Outdoors

Find out the difference between voles and moles

A woodland vole.
A woodland vole. Associated Press file

I received a letter from a lady who lives in Petal. She was having a problem with her plants.

Based upon her description, I came to the conclusion that she had voles. Voles aren’t a problem here on the Coast. But, you get north of Stone County and they can be quite a problem. In this lady’s case, one of her shrubs had suddenly died. When she went to pull up the corpse, it came out without most of its roots. A closer look showed gnaw marks just below the soil line.

There are almost two dozen species of voles in North America. But, the pine vole is the only one found in Mississippi. It is a small (10 to 12 centimeters), blunt-nosed rodent with a stocky body and a short, hairless tail. Some people call them meadow mice. Because they spend most of their life underground, voles are sometimes confused with moles. Moles are predators. Voles are generally plant feeders. They will eat the occasional insect.

Voles and moles are about the same size but can be readily told apart by their front feet. Voles have small, normal-looking paws. Moles have large, spade-like feet. Also, moles lack visible ears, have small eyes and a hairless snout. Voles live in large colonies and are voracious feeders. The pine vole prefers a diet of bark, bulbs, roots, tubers and grass. In the colder months, roots and bark are their main source of food. They don’t hibernate in the winter.

Voles maintain a system of tunnels that they use to forage and store food. Often, these tunnels will be located along ditch banks and other unmanaged areas. Reproduction takes place in the Spring and Summer. Their reproductive rate is mind-boggling. A female vole can produce a litter at only four weeks of age. They can have as many as six litters a year.

Coyotes, foxes, hawks, owls and snakes do a lot to keep vole numbers under control. It is unlikely that the typical homeowner is going to have many of these predators living near their house or garden. This means that you will have to undertake the task yourself.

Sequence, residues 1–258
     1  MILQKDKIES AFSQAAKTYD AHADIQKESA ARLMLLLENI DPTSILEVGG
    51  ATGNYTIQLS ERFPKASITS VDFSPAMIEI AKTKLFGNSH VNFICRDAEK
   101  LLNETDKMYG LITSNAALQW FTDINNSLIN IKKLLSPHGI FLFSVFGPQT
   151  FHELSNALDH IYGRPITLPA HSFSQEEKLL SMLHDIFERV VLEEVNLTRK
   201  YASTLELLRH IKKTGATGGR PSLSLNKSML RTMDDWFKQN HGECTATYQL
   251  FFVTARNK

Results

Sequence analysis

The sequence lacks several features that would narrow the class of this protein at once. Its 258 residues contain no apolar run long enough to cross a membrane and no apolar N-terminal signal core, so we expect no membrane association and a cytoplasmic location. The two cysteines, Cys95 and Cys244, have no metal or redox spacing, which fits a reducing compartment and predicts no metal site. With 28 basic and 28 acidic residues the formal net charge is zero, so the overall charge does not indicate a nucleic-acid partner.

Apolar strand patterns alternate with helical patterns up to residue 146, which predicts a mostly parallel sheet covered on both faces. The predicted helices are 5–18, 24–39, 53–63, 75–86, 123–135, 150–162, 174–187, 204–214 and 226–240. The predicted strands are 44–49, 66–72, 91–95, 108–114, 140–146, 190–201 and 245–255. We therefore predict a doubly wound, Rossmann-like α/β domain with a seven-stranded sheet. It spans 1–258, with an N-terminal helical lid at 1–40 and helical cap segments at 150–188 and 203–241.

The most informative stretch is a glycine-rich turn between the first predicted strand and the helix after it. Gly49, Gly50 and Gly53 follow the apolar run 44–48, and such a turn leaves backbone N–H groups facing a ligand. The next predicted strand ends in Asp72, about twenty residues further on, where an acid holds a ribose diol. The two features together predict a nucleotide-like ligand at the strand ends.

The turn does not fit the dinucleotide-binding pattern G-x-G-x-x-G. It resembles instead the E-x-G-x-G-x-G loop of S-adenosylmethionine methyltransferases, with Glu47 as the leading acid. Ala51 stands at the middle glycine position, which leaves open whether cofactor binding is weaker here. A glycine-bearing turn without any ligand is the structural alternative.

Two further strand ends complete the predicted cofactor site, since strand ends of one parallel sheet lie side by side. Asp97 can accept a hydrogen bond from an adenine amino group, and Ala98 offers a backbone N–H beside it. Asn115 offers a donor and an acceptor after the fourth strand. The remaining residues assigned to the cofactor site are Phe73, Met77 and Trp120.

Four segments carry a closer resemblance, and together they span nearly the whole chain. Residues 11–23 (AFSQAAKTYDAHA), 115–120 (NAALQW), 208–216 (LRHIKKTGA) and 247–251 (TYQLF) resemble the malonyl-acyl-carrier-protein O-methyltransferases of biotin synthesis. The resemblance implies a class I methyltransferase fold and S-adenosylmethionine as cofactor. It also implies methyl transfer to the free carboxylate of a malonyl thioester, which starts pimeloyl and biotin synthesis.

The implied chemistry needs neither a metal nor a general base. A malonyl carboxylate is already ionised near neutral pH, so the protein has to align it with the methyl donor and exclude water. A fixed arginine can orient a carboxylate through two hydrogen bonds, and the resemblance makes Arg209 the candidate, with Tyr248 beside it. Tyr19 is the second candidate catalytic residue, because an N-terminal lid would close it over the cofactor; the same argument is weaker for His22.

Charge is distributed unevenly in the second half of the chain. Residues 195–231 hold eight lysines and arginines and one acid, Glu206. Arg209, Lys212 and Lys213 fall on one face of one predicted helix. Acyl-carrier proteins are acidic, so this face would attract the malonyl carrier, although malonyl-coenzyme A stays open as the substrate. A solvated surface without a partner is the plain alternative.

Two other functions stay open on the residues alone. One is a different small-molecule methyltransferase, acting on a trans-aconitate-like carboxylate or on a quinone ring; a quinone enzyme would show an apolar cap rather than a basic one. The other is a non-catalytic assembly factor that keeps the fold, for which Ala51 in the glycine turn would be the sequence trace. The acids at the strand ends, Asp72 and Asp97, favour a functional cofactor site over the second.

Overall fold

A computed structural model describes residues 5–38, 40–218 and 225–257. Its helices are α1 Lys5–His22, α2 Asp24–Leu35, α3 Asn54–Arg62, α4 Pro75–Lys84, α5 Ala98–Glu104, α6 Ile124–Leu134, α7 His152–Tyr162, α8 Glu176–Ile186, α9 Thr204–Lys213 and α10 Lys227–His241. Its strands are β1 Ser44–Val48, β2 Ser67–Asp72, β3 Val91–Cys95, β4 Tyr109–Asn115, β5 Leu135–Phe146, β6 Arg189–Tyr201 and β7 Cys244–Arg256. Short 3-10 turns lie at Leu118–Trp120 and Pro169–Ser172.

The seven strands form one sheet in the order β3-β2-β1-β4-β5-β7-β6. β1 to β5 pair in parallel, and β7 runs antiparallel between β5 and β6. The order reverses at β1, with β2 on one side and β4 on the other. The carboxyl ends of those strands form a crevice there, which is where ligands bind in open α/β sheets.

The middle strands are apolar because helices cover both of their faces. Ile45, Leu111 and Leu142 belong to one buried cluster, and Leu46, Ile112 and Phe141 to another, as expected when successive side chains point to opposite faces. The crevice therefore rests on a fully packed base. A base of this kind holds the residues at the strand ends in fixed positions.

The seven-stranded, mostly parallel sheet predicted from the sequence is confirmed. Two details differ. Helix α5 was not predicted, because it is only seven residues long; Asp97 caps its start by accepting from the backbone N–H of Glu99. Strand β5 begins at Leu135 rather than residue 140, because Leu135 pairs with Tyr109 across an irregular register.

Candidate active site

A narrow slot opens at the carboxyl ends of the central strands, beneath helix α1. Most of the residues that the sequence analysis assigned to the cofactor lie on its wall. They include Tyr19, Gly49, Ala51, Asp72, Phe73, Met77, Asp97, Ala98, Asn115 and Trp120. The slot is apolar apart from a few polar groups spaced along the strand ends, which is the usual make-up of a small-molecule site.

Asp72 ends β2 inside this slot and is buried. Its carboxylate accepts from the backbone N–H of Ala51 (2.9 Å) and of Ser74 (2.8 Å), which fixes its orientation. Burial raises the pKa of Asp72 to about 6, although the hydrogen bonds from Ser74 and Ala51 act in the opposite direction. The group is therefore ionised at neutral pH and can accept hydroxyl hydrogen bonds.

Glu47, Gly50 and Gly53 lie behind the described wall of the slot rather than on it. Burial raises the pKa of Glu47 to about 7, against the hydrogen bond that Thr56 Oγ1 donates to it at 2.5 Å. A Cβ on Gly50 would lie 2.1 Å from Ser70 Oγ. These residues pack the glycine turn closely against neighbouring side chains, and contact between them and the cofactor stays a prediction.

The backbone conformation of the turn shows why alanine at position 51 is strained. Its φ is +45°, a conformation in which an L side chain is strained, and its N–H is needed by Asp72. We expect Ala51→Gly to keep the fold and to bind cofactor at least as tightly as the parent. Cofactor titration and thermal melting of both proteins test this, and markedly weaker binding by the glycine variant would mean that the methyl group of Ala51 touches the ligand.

Vole control isn’t all that complicated. But it may take considerable time to fix the problem. First, you need to determine if it is a problem with voles. Look for golf-ball sized holes in your yard and garden. These are exit points from vole tunnels. Place a slice of apple next to the hole and cover it with a clay pot. If the apple slice is gone the next day, you have voles. Now you can begin control measures.

The first method is to use old-fashioned snap traps. Bait the traps with some peanut butter or a slice of apple or sweet potato. Place the trap next to an exit hole and set a clay pot over it to keep children and pets from tripping the traps. You can also use live traps. These will work just as well as the snap traps. But you’ll have to take the trapped vole some distance away (at least a kilometer) to release it.

There are poisoned baits available. They normally consist of treated grains or peanuts. The bait has to be poured directly into an active tunnel. Use extreme caution if this is the method you choose. Pets and non-target animals, all can easily dig up the bait and eat it. You may see electronic devices for sale to control voles and moles. A recent study found that these devices are an expensive waste of time.

After control measures have been taken, you’ll need to do the apple test a month or so later to make certain that you’ve eliminated the problem. Continue the monitoring program every Spring and Fall.

Tim Lockley, a specialist in entomology, is retired from a 30-year career as a research scientist for the U.S. Department of Agriculture. For answers to individual questions, please send a stamped, self-addressed envelope to Tim Lockley, c/o Sun Herald, P.O. Box 4567, Biloxi MS 39535.

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